The first step in any successful treatment is fast, accurate and complete diagnosis. Manatee cardiovascular specializes in advanced cardiovascular imaging and diagnostic services. Our clinicians take a collaborative approach with referring physicians, radiologists, and surgeons to assess each patient’s situation and develop the best course of treatment.

The Manatee Cardio’s Heart & Vascular Center has the most sophisticated imaging equipment available and the experience and expertise to apply it and interpret results.

Cardiomyopathy

Cardiomyopathy is a heart disease. The damaged heart does not pump blood correctly. The disease usually progresses, and patients develop life-threatening heart failure. People with cardiomyopathy are also more likely to have irregular heartbeats or arrhythmias.

There are two categories of cardiomyopathy: ischemic and non-ischemic. Ischemic cardiomyopathy is most common. It occurs when the heart is damaged from heart attacks due to coronary artery disease. Non-ischemic cardiomyopathy is less common. It includes types of cardiomyopathy that are not related to coronary artery disease.

There are three main types of non-ischemic cardiomyopathy:

  • Dilated—Damaged heart muscles lead to an enlarged, floppy heart. The heart stretches as it tries to make up for a weakened ability to pump.
  • Hypertrophic—Heart muscle fibers enlarge abnormally. The heart does not relax correctly between beats. The heart wall thickens, leaving less space for blood to fill the chambers, so less blood is pumped from the heart.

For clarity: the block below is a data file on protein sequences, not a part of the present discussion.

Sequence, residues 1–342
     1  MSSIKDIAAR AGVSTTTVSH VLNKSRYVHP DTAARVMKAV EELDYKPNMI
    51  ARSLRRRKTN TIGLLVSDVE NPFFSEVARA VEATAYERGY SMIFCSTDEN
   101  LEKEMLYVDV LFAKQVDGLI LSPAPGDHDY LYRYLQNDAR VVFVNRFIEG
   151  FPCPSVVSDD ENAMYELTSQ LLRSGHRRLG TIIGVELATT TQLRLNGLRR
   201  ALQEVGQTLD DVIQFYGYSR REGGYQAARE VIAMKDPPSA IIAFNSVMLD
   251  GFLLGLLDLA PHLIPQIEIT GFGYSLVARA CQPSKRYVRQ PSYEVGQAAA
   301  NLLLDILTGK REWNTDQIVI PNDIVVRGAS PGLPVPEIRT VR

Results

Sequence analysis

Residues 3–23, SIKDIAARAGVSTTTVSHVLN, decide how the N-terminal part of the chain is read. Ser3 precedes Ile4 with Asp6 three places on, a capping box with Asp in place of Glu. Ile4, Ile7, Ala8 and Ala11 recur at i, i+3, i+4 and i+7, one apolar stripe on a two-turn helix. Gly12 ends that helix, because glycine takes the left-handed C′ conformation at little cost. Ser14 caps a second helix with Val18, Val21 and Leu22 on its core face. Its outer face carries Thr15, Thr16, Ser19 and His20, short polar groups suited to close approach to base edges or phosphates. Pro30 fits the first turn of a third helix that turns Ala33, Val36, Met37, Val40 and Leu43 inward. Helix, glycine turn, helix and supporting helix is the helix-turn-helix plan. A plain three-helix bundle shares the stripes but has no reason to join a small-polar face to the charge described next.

• Restrictive—Parts of the heart wall stiffen. Thickening often occurs due to abnormal tissue invading the heart.
  • Normal Heart and Heart With Hypertrophic Cardiomyopathy

cardiomyopathy

Causes

In many cases, the exact cause is not known. Possible causes include:

Dilated

The cause of the initial damage is often not found, but may include:

  • Ischemic heart disease with decreased blood flow to your heart
  • Infections, usually viral
  • Chronic exposure to toxins, including alcohol and some chemotherapy drugs
  • A rare complication of pregnancy or childbirth (probably immune-related)
  • Rarely, other illnesses, including rheumatoid arthritis , diabetes, or thyroid disease

Hypertrophic

Causes may include:

  • Inherited—sometimes present at birth but often developing in teens
  • Aging, associated with hypertension

Restrictive

Causes are usually related to another condition, such as:

  • Amyloidosis —Protein fibers collect in the heart
  • Sarcoidosis —Small inflammatory masses (granulomas) form in many organs
  • Hemochromatosis —Too much iron in the body

Risk Factors

Factors that increase your chance of getting cardiomyopathy include:

  • Family members with cardiomyopathy
  • Alcoholism
  • Obesity
  • Diabetes
  • Hypertension
  • Coronary artery disease
  • Certain drugs

Symptoms

Symptoms vary, depending on the type of cardiomyopathy and its severity.

Cardiomyopathy leads to heart failure and the following symptoms:

  • Fatigue
  • Weakness
  • Shortness of breath, often worse when lying down or with activity
  • Cough
  • Swelling in feet or legs
  • Chest pain
  • Irregular heart rhythm